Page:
You’re working away, day-in, day-out, striving for a better business, a better way of working. You overcome hurdles, win supporters, you even have a list of people of influence who don’t support you – and you’re working to win them over too.
But is it ethical?
This week we touch on something that I don’t think gets talked about often enough. Whether it’s the driving force behind a movement to shift your consumption habits, political leanings, or just frankly fronting up to the office every day – what right do we have to change people? When is enough enough? How do you sleep at night?
Well that’s what this week’s video is all about…
Video transcript and relevant links
Today I want to share a question that came up this week with one of my clients.
This particular client and I are using a tool which I use with a lot of clients and it’s a tool for stakeholder engagement and planning and communications and how we’re gonna get people on board, how we’re going to help to shift them from where they are today to maybe learning something new or bringing on a different perspective.
And so this particular person had asked me, he’d said “…we’ve got this tool and I’ve been working with it for a while now, and I feel like I’ve got this particular individual completely dialled. I know which buttons to press, I know the type of answer I’m going to get…” and he was really questioning the ethics around doing that, and being able to do that, and I could see he was really wrestling with it.
So I thought it’d be worth sharing here because, I’m really keen to hear your perspective as well. If you’re in change if you’re in transformation then this comes up. You can’t help but butt-up against this idea of “how far is reasonable?” “Is it our job to change people?” “Is it our job to do something else?” So I’m curious to hear your thoughts.
But I have an opinion on this and so I thought I’d share, there’s a few things for me. I think the first thing that’s worth talking about is, use your powers for good.
So when you discover the Jedi Mind Trick and you’re able to help people through unravelling their belief patterns and working through maybe old thinking and old patterns that are no longer useful, and helping to see that different perspective, it really is about using your powers for good. It’s part of why I always teach a lot of self reflection in the work that I do as well because that is a bit of a safety rail in terms of, if you’re doing that self-reflection work at the same time as you are transforming externally, then it’s about keeping in check, and keeping in balance.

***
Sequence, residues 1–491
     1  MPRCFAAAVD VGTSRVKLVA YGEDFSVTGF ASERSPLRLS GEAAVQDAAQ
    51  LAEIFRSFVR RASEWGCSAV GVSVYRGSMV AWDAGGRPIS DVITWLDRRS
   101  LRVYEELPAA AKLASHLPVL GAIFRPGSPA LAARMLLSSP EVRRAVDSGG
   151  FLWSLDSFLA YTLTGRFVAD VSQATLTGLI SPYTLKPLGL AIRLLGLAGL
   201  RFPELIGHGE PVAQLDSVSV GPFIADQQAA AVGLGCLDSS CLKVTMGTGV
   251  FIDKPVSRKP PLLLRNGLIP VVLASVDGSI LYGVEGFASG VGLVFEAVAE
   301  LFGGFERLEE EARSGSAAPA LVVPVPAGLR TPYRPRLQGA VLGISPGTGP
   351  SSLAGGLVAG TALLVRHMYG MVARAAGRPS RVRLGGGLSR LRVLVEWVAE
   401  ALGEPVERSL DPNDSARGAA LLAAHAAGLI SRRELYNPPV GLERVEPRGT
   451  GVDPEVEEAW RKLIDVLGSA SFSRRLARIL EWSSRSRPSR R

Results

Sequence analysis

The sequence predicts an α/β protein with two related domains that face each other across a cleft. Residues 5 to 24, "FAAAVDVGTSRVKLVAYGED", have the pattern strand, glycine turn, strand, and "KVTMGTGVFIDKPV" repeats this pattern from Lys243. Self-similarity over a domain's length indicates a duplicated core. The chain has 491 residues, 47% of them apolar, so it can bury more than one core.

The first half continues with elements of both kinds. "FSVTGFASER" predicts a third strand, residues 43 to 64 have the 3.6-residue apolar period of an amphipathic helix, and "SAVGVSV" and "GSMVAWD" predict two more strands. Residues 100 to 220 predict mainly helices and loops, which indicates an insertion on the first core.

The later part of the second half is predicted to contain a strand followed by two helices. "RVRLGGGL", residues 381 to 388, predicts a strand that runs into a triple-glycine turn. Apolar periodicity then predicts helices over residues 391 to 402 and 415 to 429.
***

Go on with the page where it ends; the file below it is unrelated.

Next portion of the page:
I think the second thing I would say is that any tool can be used for benefit or detriment depending on the hands that are in charge.
Most of you know by now that I have horses and have loved doing that for a number of years and one of my teachers has this beautiful quote where he talks about the fact that any tool that we use with this animal can be used for good or bad. Those of you that work with horses will also know that it’s pretty hard to beat a half tonne of horseflesh into doing something they don’t wanna do.
And so there’s this sense that, the tool is the tool. And what this particular teacher has shown me is that it can be used for betterment or for detriment. And really, that’s up to you. That’s up to the hands that are guiding the tool, and how that tool is used.
To give you an example out of the office… KPIs, we’re all familiar with them. Those measurements, those performance indicators they can be used for betterment and for driving conversations about heading in the right direction, are we hitting our goals, are we seeking out the understanding that’s going to take us to the next level? And equally KPIs can be used to bash people over the head when things are going our way. So it really comes back to the hands that are using the tool.
And I think finally, it’s worth talking a little bit about consent or contracting as I would call it. So I’m fortunate enough that in most of engagements that I have, either working one-on-one with a leader or working with a leader and their team, in both cases we’re able to have that conversation upfront about knowing that they are signing up for change. Knowingly, willingly, signing up for a change in perspective, a change in the way that we work and the methods that we use. Willingly stepping into “…actually, I’ve got some barriers and I’ve got some things that are outside my blinkers and I can’t see them, and I’m seeking the help and the support to get through those, and to maybe shift my box, and to reframe.”
And so there’s a very direct conversation about contracting one-on-one with that person as to where the role sits in terms of transformation and helping them get from where they are today to another place. And that’s all very direct.
So I guess that’s the final point that I wanted to leave you with, the final thought around, you know, making sure you’re having the conversations with people as well.
This isn’t about surreptitious, underhanded, off to one side, ninja stuff. This is about open conversation, it’s about being transparent with your audience, it’s about willingly signing up.
And yeah, I think if you’re doing all of that you’re probably along the right track.
But I would love to hear your thoughts. Let me know what you think. Super interested if you’ve had sticky situations or things that you’ve learnt from. Drop me a comment below!
And in case you’re curious… here’s the homework I set him: Escaping NXIVM